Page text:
City deregulation in the form of ‘Big Bang 2.0’ is the plan that new Chancellor of the Exchequer, Kwasi Kwarteng, has laid out to executives. The new proposals look to accelerate the post-Brexit shuffle away from retained European law, including Liz Truss’s widely publicised shake-up of the UK’s Solvency II-equivalent framework (UK Matching Adjustment) which governs the insurance sector. The proposed changes will see the stringency of the regulation eased, in turn freeing up billions in regulatory capital, to be injected back into the economy through illiquid asset investment.

Current Solvency II measures place a tight restriction on investment into the real asset market, so as to protect policyholders against unforeseen volatility in markets. The move to loosen regulation aligns with the government’s ambitious levelling-up programme, boosting the flow of capital into infrastructure projects across the country. Kwarteng highlighted the ‘immediate impact’ reformation could have on the City.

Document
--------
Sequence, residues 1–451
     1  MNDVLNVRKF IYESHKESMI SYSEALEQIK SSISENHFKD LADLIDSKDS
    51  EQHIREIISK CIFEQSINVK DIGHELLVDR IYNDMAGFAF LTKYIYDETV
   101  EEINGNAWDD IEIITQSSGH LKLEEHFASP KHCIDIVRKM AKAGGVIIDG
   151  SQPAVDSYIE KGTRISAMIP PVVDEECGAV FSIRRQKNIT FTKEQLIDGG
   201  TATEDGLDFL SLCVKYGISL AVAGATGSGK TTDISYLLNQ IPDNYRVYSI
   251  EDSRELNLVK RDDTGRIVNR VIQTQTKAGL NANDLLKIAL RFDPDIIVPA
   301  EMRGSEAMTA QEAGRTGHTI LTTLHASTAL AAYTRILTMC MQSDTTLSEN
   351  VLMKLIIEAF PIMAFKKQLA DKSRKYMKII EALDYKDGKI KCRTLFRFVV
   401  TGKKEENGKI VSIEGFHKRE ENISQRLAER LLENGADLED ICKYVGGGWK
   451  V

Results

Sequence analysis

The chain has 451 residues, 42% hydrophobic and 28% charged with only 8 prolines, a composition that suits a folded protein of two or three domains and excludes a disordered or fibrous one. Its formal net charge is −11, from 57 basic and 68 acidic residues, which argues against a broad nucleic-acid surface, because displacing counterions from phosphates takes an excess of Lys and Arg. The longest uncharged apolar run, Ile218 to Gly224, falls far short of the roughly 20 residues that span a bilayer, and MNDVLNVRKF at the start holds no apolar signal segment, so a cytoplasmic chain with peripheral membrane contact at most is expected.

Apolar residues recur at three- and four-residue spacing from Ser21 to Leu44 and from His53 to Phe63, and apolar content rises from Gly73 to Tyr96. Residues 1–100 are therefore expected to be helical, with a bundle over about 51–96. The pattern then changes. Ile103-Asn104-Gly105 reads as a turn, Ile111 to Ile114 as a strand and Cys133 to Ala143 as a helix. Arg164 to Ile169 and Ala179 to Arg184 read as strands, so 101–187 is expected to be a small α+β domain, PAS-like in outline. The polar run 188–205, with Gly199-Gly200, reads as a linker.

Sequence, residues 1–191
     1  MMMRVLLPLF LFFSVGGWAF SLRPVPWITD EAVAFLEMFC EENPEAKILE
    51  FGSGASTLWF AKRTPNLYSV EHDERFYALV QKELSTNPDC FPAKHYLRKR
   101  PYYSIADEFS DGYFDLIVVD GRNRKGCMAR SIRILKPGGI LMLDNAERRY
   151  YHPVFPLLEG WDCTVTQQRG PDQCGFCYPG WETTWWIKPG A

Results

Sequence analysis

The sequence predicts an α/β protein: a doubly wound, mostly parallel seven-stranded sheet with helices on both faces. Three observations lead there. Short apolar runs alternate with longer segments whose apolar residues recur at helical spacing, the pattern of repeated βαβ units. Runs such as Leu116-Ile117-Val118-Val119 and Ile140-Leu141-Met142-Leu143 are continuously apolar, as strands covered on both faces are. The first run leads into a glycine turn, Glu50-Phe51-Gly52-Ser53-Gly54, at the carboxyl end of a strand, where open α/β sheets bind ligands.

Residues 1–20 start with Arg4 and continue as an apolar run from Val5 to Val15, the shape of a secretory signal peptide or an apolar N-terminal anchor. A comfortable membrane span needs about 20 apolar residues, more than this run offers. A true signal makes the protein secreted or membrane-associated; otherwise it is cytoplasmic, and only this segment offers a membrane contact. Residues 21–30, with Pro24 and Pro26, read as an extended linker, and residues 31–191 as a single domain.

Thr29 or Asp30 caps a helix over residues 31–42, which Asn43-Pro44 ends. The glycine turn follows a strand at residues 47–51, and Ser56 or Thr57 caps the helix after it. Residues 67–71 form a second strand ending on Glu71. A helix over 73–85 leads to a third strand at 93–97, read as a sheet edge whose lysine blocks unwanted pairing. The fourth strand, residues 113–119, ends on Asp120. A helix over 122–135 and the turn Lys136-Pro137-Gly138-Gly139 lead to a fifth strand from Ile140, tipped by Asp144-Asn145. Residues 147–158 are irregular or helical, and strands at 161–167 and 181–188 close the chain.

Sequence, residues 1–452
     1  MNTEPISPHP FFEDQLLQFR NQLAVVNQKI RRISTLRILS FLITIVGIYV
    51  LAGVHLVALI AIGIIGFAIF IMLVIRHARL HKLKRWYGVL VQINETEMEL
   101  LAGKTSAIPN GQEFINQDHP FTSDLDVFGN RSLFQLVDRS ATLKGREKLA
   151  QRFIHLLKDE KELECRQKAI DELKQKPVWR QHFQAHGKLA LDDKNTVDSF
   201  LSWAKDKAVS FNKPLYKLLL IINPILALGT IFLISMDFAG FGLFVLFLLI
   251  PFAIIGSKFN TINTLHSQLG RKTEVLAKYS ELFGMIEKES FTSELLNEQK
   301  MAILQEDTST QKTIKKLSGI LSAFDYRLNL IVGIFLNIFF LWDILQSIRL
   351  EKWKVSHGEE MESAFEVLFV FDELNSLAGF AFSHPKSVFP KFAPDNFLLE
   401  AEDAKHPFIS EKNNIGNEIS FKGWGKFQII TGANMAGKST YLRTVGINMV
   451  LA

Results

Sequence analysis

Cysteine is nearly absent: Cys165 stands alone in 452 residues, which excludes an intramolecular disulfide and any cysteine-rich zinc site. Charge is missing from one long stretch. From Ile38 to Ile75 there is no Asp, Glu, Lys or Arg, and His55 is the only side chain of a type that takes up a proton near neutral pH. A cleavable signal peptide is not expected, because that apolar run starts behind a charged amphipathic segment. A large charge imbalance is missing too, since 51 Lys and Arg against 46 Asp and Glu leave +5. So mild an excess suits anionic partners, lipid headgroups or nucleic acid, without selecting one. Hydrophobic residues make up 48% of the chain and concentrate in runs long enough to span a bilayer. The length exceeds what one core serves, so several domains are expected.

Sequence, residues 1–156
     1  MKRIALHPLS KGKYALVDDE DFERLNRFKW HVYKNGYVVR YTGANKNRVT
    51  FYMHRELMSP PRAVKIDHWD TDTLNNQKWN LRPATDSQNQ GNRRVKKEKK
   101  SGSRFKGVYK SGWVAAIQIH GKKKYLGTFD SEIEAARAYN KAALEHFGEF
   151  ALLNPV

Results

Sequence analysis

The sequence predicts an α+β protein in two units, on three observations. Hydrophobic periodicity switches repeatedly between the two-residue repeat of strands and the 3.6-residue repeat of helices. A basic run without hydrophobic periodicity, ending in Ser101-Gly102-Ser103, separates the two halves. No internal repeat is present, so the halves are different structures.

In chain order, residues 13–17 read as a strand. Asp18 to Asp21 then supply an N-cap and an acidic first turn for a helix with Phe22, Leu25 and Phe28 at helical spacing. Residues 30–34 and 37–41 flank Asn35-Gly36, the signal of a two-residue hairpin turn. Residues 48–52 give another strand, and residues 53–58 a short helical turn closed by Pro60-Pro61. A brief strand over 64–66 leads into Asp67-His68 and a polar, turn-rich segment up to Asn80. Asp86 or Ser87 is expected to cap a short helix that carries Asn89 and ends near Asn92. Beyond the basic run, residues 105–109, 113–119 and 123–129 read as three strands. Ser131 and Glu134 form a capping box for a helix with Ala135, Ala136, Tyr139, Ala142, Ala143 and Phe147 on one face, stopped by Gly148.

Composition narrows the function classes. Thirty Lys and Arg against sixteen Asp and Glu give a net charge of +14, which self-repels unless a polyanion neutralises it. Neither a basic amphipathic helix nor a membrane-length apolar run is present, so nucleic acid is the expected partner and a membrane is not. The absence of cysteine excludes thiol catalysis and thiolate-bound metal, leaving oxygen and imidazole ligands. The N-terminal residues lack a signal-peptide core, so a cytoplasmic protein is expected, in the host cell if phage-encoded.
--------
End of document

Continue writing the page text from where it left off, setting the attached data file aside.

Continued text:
There is no hiding from the fact that the proposals have drawn criticism: Bank of England governor Andrew Bailey referred to a potential undermining of regulatory independence, while regulators themselves worry about a reduction in the City’s competitiveness globally, due to a potential loss of ‘safe haven’ status. A reformation would open the door to a plethora of investment opportunities – might this be at the cost of increased risk to policyholders?...